In honour of the museum’s twenty-fifth anniversary, a new presentation of the collection awaits the visitors with a focus on the acquisitions of the past few years.
In June 1991, the MMK Museum für Moderne Kunst opened in the museum building designed by Hans Hollein – affectionately referred to by the Frankfurters as the “piece of cake”, this work of post-modern architecture still possesses model character today. Twenty-five years later, the MMK is one of the most prominent museums of contemporary art worldwide. Its collection encompasses more than 5,000 artworks dating from the 1960s to the very present.
As far back as the early 1980s, the city of Frankfurt attracted wide notice when it purchased works from the former Karl Ströher collection and thus laid the foundation for the museum’s collection. Consisting largely of examples of American Pop Art and Minimalism of the 1960s, these original holdings include groups of superb works by such artists as Andy Warhol, Claes Oldenburg and Roy Lichtenstein, but also by German artists of the same period, for example Joseph Beuys, Gerhard Richter, Blinky Palermo and Franz Erhard Walther. In the years that followed, the collection was consistently expanded through the addition of works by contemporary artists of many nationalities. Especially worthy of emphasis here is the enhancement of the holdings in more recent years with examples by non-Western artists of India, Asia and Africa. The internationalization of the collection has gone hand in hand with a programme of special exhibitions devoted increasingly to the world outside Europe, for instance the show “Kader Attia: Sacrifice and Harmony” on view until 14 August.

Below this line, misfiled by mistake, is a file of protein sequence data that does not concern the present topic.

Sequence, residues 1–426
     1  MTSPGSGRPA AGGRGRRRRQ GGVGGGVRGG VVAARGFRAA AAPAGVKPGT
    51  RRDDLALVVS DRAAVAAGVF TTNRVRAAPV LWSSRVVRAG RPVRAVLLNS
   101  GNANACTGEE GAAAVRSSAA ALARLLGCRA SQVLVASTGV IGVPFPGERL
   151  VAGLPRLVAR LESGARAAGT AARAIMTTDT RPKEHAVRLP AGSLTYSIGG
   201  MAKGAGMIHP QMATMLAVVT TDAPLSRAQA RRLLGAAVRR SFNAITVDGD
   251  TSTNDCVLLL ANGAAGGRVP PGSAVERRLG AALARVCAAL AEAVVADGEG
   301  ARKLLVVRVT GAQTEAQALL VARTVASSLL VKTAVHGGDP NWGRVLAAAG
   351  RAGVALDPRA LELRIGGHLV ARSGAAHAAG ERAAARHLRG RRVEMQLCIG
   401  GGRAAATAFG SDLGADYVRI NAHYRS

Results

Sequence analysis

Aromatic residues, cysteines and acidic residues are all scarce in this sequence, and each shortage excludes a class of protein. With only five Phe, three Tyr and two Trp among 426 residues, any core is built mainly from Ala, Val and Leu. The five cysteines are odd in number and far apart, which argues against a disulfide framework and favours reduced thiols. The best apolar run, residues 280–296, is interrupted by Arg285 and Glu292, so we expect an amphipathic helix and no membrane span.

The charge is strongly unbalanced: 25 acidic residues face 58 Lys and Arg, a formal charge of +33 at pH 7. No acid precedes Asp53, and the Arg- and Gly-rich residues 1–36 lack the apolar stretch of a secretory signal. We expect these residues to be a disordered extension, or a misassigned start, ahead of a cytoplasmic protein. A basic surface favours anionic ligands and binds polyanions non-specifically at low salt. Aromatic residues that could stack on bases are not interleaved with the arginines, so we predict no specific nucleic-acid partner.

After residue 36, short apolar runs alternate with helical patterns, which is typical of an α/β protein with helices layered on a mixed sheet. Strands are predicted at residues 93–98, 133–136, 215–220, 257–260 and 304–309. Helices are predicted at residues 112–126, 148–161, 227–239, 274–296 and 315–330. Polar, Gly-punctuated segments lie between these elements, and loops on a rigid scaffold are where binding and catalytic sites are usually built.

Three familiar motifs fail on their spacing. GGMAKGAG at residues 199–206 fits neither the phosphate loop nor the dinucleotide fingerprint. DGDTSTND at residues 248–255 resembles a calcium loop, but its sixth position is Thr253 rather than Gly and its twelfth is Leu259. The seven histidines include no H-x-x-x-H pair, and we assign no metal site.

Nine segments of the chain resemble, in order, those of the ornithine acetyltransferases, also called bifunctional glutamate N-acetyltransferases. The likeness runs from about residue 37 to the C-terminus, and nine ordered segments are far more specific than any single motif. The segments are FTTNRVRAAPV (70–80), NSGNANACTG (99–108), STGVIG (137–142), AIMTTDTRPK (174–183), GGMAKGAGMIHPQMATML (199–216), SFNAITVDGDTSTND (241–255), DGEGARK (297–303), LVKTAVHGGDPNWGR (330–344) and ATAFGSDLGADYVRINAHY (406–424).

The show will consist almost exclusively of workgroups made especially for the museum, in some cases in close collaboration with the artists for certain spaces in the building’s interior and in dialogue with the architecture. “It is above all the tremendous support of the artists that has enabled us to amass a collection of such superb quality”, emphasizes Dr Susanne Gaensheimer. One of the distinguishing features of the MMK holdings is that they encompass not only classical artistic media such as painting, printmaking and sculpture, but also – and to an equal degree – such media as installation, photography, film, video and performance. Starting in June, for example, newly acquired installations by Wolfgang Tillmans, Isa Genzken and Carsten Nicolai as well as photographic works by Dayanita Singh, Tobias Zielony, Gerald Domenig and Santu Mofokeng will be on view. In the examples by the choreographer William Forsythe and the fashion designer Kostas Murkudis, among others, the focus will be on the boundaries between the visual and other branches of the arts. What is more, the museum is taking its anniversary as an occasion to present ceramic works by Shane Munro, photographs and films by Jack Smith, workgroups by Adrian Williams and Michael Pfrommer, a room installation by Carsten Fock, a large-scale multipartite drawing by Zinny/Maidagan and one of the earliest drawings by Sturtevant, all for the very first time. Another MMK premiere will be the workgroup by the artist Stephan Huber. Thomas Bayrle will be represented with an extensive workgroup on one of his core themes, the Autobahn. Spanning a period of more than thirty years, this group will form a link between artists of the past and present. One of the linchpins of the new presentation will be On Kawara’s Date Paintings, a workgroup that was expanded in 2014 through the addition of nine further paintings from the series and the artist’s One Hundred Years Calendar.
Even after a quarter of a century, the MMK’s unique post-modern architecture still offers incomparable and surprising insights and outlooks into and on the respective presentations. In 2016, a guided tour of the MMK is thus as indispensable an experience as always.